Cadillac CUE To Make Console IPad-Like

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Cadillac is radically changing how the automobile instrument panel looks and functions, making it less like an instrument cluster and more like the touch-sensitive screen of an iPad. A new information/entertainment platform called CUE (Cadillac User Experience) that will be standard in forthcoming XTS and ATS cars includes a redesign of both the screen on the control pillar to the right of the driver and the usual gauges behind the steering wheel. 

Among other things, the CUE system allows drivers to change the layout of those gauges because they will be entirely virtual, and even are designed to tumble out of a virtual abyss onto the console surface when the ignition key is depressed. The entertainment and GPS screen on the center console is also customizable, and was designed to function like, say, an iPhone or Droid. 

The automaker says the CUE center screen and control panel represent the first automotive use of capacitive touch that brings in familiar multi-touch gestures. The system pairs with up to 10 mobile devices. 

Cadillac is giving buyers of the forthcoming XTS sedan a new iPad -- a physical one -- to help them learn the system, and will launch an app to tout CUE. These are two elements of an array of technology and services the General Motors luxury division is offering to support the rollout of CUE. The iPad that comes with the XTS will also have the MyCadillac App and OnStar RemoteLink. There is also a microsite with videos showing how the system works. 

The automaker sent out 25 or so "Connected Customer Experts" to dealerships around the country to train sales staff on how to talk about CUE to prospects. Caddie is doing likewise at its customer assistance services center in Austin, Texas. 

Jim Vurpillat, Cadillac global marketing director, explains to Marketing Daily that rather like an iPad, the platform is meant to be plug and play. "We have this term we like to use," he says. "It's as simple and easy to use as you need it to be and as technically sophisticated  as you want it to be."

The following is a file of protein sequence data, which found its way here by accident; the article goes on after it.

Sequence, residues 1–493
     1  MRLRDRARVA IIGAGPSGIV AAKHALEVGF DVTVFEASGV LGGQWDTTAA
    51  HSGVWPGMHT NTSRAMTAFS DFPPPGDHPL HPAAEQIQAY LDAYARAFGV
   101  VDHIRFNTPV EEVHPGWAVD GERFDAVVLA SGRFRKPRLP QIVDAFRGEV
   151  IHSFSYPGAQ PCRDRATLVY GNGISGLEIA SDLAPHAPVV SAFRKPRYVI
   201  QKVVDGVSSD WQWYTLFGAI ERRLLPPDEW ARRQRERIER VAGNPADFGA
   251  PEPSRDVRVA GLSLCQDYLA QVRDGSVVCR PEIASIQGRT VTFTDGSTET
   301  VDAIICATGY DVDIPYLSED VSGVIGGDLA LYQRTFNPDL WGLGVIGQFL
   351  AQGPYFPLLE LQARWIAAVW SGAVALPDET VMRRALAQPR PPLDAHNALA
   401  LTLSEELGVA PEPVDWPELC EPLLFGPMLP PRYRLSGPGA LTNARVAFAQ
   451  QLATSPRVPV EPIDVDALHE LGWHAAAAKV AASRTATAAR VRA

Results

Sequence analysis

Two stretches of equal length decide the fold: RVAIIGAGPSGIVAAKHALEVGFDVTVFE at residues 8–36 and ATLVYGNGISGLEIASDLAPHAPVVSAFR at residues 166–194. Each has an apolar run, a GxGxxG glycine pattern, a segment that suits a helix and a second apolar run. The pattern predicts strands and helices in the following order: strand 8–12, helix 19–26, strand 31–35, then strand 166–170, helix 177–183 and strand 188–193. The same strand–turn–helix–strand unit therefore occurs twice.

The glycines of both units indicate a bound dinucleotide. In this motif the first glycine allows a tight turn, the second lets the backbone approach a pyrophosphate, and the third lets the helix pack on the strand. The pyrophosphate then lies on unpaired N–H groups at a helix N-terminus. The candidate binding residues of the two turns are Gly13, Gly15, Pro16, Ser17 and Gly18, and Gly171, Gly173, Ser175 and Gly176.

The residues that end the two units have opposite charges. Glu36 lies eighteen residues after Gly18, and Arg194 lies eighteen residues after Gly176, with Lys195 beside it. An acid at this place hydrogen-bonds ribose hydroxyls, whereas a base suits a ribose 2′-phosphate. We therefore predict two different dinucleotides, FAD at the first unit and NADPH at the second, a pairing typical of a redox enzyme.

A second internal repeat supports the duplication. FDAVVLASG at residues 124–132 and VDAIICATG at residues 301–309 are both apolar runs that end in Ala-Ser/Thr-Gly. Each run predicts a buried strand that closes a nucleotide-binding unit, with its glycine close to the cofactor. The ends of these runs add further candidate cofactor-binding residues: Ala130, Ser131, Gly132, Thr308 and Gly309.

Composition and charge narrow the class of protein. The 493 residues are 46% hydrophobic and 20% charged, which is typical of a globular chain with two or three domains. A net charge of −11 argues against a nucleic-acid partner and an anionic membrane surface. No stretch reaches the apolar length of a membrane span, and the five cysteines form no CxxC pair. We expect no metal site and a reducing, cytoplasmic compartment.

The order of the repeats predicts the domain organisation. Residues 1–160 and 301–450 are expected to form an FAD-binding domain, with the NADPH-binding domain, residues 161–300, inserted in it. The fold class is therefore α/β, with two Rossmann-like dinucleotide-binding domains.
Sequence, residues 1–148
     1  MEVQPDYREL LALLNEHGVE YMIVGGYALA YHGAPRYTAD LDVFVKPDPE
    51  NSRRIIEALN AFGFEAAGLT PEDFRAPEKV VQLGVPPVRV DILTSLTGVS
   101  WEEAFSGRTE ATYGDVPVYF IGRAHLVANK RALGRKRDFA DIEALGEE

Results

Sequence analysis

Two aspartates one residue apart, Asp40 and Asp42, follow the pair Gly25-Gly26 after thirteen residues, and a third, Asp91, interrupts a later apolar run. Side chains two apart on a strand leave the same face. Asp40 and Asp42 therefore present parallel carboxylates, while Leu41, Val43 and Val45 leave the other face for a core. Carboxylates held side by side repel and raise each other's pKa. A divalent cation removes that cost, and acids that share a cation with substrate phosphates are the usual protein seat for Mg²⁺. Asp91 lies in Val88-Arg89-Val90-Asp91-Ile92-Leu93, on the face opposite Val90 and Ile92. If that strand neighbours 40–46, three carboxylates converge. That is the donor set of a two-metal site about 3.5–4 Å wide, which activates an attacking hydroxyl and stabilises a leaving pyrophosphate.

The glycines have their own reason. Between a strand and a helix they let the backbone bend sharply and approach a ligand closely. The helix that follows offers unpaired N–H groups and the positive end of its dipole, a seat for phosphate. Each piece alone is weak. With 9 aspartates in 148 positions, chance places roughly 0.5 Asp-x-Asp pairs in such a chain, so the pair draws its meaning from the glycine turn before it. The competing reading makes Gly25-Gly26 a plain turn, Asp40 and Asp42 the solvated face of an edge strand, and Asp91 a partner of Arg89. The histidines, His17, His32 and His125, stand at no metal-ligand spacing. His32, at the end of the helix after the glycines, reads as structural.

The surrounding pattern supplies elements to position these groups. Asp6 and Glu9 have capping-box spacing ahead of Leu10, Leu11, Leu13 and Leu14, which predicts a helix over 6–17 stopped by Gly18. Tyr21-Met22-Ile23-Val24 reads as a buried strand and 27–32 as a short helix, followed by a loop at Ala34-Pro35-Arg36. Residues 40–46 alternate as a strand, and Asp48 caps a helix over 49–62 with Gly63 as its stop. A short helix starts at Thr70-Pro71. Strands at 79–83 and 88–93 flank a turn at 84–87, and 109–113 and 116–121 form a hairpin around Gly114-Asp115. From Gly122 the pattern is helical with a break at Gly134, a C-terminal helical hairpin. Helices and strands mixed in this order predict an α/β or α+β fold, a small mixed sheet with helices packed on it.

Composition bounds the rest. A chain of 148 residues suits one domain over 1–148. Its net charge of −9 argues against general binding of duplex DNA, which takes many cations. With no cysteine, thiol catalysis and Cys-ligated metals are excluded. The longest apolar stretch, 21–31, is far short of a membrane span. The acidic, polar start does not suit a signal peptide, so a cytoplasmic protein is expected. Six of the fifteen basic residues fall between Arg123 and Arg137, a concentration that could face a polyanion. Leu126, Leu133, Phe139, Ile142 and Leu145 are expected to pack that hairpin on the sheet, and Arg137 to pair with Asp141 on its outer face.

Vurpillat says that like a smartphone, the center entertainment and info screen uses capacitive touch, active feedback (which creates a Droid-like tactile pulse when the user selects a virtual button or icon), and proximity sensing (which allows the screen to reflect one function at a time when in use because it brings buttons and choices back into view automatically when the user's finger draws near.)

He says the effect of the enhancements -- including the way that the 12.3-inch reconfigurable instrument cluster behind the steering wheel launches from a black screen -- "is very dramatic; there's a little bit of theatre to it." 

Some of the advertising for the XTS will focus on that light show aspect of the instrument cluster as well as on its tablet-like functionality. "It's definitely one of the the highlight features. We will run TV spots that talk about the ease of use -- the simplicity of it," he says. One spot will start by making a comparison between the button-laden console of a competitive vehicle, and then transition to a "Now count the number of buttons on your tablet," message. Says Vurpillat, "It focuses right on CUE and comes back to the correlation that CUE is like a tablet for your car." He adds that another forthcoming  spot will talk about how a user can change screens, controls and perspectives with finger gestures and swipes.  

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